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Rum Maker to Revive Venezuela Local Market With Dollar Note

Nicolle Yapur
·2 min read

(Bloomberg) -- A rum maker is set to revive Venezuela’s dormant local capital market by selling the first dollar bonds from a private company in more than two decades.

Ron Santa Teresa, the country’s largest rum producer, received the government’s approval to sell $300,000 in commercial papers denominated in dollars, according to a statement published by Superintendencia Nacional de Valores (Sunaval). The last time a private Venezuelan company sold dollar debt was in the 90s, according to local brokers.

The deal comes nine months after President Nicolas Maduro broadened financing options for local companies by allowing them to sell dollar-denominated securities as the economy goes through its seventh year of contraction and hyperinflation has made the bolivar worthless. The move underscores the informal dollarization that picked up last year.

“The notes will be placed in record time,” said Marco Gasperini, president of Ratio Casa de Bolsa, a Caracas-based investment advisory firm that is coordinating the deal.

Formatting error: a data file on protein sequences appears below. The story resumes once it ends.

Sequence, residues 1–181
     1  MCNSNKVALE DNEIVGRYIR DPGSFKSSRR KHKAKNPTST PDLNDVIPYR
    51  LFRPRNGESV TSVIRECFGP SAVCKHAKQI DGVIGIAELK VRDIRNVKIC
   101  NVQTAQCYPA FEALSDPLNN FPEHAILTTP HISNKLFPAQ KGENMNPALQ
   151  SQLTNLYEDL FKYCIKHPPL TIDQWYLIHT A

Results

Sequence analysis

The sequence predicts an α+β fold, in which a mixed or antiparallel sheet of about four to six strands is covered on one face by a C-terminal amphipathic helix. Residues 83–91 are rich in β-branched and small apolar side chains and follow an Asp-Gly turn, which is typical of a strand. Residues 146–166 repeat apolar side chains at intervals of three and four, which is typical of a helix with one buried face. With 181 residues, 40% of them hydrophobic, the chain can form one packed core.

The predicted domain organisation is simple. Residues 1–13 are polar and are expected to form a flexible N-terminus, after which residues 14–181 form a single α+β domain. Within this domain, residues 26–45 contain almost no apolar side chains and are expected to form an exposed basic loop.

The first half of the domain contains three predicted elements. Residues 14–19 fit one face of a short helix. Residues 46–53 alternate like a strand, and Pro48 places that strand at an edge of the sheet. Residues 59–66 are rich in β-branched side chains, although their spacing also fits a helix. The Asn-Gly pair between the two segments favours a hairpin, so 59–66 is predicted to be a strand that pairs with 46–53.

Ron Santa Teresa’s notes will revive a capital market that has been dormant since late President Hugo Chavez tightened in 2010 currency controls first imposed in 2003. While access to international funding was never blocked by the government, U.S. sanctions and the restrictions discouraged dollar deals. This month, the government started talks to dollarize the local banking system, which would allow banks to offer loans in dollars and boost the moribund local credit market.

The commercial papers, which will be ruled by local law, will be sold next week and are due in one year, according to Ratio Casa de Bolsa’s Gasperini. The notes will have no coupon and are expected to be placed at 96% of their face value. The capital raised will be used to boost rum exports, according to the regulator.

Santa Teresa has been making rum for the past 223 years and is headed by Venezuelan businessman Alberto Vollmer. This year the company made two share offerings, raising a little over $350,000 on the first one. The company didn’t comment on the details of the new deal.

Dull market

The sale of dollar-denominated bonds in Venezuela is a big event for a market that barely moves. On some days, the trading volume in the local exchange is as low as $7,000, according to Jose Miguel Farias, finance director at Caracas-based brokerage Mas Valor.

“These initiatives can help energize the market,” said Farias. Foreign-currency debt issuances could become an outlet for a credit-starved private sector and at least two more are in the pipeline, according to him.

(Adds Venezuela’s government talks to dollarize banking system in fifth paragraph.)

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